• Head Counselors: what is their role and camp and who are the 2023 head counselors?
  • Camp Nurses: Meet Pam and Chuck, our wonderful health care team
  • Camper To Do List: A few things campers can do between now and arrival to get ready for the best summer of their lives!
  • What To Expect On The First Day: A detailed breakdown of what that camp arrival day will be like

The parent newsletter also begins with the following thoughts from Debbie:

Both of our daughters (ages 14 and 9) will be away at their camp this summer for 7 weeks. I’m a camp director and we’re very friendly with the camp directors who run their camp. I “shouldn’t” be nervous, right? But I am! I am a worrier and I worry most about my family – so when I allow myself to get caught up in thinking about the “what-ifs”, it can get pretty messy and then my anxiety is obvious to my kids.

I know that my most important task right now is to help instill a sense of confidence in my children before they are at camp on their own. In order to do that I also need to prepare myself, and that takes time and energy – a positive energy. Pushing through our own fears and worries needs to be a priority so we can meet our children with a “clean slate”. They need to feel our optimism and confidence that going to camp will be a life-changing experience – one that will enable them to become more independent and confident, and will hopefully open them up to meaningful friendships that will last a long time. Our children are intuitive and if they sense that we’re afraid about this very big transition, they will take on that worry themselves.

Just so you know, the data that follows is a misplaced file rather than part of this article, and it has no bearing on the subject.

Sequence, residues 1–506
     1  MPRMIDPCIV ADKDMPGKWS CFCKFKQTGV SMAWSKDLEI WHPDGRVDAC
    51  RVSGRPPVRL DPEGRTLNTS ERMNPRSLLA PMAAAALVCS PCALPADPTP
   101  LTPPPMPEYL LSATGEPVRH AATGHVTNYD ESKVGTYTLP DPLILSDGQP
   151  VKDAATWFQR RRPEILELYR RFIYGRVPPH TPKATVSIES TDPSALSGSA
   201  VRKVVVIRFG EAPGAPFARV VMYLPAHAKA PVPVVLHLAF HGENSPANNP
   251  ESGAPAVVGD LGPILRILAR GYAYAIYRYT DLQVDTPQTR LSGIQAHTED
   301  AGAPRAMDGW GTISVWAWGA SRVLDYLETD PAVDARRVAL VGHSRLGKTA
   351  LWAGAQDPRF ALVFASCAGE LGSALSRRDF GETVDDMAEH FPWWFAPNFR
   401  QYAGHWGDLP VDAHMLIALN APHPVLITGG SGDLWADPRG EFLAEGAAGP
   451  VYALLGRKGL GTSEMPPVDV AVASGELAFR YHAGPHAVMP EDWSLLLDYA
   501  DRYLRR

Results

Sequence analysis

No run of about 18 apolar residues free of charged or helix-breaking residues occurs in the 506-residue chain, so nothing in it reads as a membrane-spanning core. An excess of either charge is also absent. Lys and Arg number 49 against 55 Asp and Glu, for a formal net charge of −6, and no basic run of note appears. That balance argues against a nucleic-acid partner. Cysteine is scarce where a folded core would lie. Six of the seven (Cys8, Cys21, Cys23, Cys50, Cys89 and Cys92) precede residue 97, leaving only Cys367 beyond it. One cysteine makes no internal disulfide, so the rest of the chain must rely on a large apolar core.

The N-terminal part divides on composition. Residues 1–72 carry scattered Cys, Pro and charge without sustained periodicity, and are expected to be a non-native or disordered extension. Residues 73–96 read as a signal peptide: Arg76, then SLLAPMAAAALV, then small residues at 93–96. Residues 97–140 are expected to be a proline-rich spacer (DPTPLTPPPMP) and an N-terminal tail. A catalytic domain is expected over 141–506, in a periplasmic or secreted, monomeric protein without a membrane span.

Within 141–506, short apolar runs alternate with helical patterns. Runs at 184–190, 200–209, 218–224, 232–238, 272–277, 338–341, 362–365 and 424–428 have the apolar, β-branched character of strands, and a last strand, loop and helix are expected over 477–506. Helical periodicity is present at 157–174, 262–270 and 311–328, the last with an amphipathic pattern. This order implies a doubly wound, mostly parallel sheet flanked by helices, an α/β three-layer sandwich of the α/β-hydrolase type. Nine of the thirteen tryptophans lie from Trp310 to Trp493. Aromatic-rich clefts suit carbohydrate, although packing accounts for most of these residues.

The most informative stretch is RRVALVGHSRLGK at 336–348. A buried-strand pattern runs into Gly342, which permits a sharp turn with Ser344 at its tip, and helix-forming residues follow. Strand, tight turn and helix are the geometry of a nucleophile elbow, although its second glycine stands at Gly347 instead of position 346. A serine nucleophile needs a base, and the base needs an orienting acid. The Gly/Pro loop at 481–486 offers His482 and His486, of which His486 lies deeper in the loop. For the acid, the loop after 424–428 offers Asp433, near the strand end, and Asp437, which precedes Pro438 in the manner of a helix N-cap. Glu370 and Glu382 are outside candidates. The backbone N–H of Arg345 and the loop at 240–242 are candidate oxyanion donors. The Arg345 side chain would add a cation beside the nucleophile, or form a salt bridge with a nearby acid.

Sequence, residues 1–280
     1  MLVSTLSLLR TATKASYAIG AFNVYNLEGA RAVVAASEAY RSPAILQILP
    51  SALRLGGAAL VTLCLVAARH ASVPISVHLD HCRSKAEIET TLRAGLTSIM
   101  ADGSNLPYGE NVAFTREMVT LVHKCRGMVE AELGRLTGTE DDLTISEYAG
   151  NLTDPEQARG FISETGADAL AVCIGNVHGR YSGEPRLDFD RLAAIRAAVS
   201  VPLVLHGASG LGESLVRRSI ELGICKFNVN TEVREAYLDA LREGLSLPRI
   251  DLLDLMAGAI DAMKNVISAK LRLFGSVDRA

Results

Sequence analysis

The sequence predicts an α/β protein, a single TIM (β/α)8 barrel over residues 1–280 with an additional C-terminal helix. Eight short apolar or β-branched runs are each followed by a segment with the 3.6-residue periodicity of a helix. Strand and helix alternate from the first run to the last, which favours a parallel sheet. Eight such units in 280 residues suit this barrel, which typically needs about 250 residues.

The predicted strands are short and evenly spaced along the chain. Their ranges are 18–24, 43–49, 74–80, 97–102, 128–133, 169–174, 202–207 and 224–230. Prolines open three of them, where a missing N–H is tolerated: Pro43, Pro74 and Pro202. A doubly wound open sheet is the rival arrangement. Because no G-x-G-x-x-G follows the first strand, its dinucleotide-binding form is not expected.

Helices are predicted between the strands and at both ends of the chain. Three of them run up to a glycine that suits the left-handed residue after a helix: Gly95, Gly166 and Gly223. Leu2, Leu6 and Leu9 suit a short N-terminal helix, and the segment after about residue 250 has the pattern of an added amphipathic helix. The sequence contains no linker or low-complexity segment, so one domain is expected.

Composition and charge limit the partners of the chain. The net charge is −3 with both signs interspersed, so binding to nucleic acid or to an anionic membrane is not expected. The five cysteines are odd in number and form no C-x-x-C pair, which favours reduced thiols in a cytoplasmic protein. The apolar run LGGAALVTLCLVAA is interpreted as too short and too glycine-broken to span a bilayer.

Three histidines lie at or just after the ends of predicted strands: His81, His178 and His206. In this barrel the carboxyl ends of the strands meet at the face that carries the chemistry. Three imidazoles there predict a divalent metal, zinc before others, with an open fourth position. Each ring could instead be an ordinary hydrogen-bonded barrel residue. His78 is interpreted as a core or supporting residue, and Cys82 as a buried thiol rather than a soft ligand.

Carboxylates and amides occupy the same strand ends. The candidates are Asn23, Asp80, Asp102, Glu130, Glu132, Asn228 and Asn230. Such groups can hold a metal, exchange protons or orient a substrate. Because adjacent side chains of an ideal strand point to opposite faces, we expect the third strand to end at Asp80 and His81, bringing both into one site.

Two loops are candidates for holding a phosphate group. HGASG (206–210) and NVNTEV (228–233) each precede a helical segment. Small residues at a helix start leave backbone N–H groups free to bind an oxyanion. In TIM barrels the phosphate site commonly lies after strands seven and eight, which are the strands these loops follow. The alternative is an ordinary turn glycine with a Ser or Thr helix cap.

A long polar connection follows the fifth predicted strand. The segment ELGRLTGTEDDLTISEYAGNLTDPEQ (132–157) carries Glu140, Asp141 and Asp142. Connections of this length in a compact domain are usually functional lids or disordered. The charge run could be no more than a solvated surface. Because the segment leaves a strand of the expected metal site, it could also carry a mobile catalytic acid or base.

Some things that I’ve found helpful, and some advice for those of you who are worried and anxious about camp this summer:

  • Write it down! Take some time during the day (not right before bed or you’ll never be able to fall asleep!) to jot down anything that’s making you feel anxious. Writing your worries down will allow you to acknowledge them and either use your notes to address the concern, or let it go.
  • This includes making lists – what do you need to do? Have you completed your forms? Sent in the RX from the pediatrician? Looked at the packing list to assess what you might need? And have you gone through last year’s “camp stuff” to see what still fits?
  • Call us! If you’re concerned about something, maybe we can help. Sometimes, more information is helpful in minimizing our fears.
  • Breathe! Go for a walk or take 10 minutes with a cup of tea to just relax. How often do you allow yourself to take time for just yourself? It’s important and it’s helpful.
  • Read “Homesick and Happy” by Michael Thompson. This is a great book, especially for first-time camp parents. It’s filled with helpful information, plus – reading will help you take your mind off of your own worries.

By the way, this is great advice for your anxious camper, too! Once you are feeling confident about having your camper with us at camp, take some time to sit down with them to make a list of their “things to do” before camp. Maybe there’s one task you can do together each week to prepare, for example: address envelopes for letters to family/friends, email Debbie/Eric/Erin a few questions, make a list of books/card games/crafts you want to bring to camp, etc.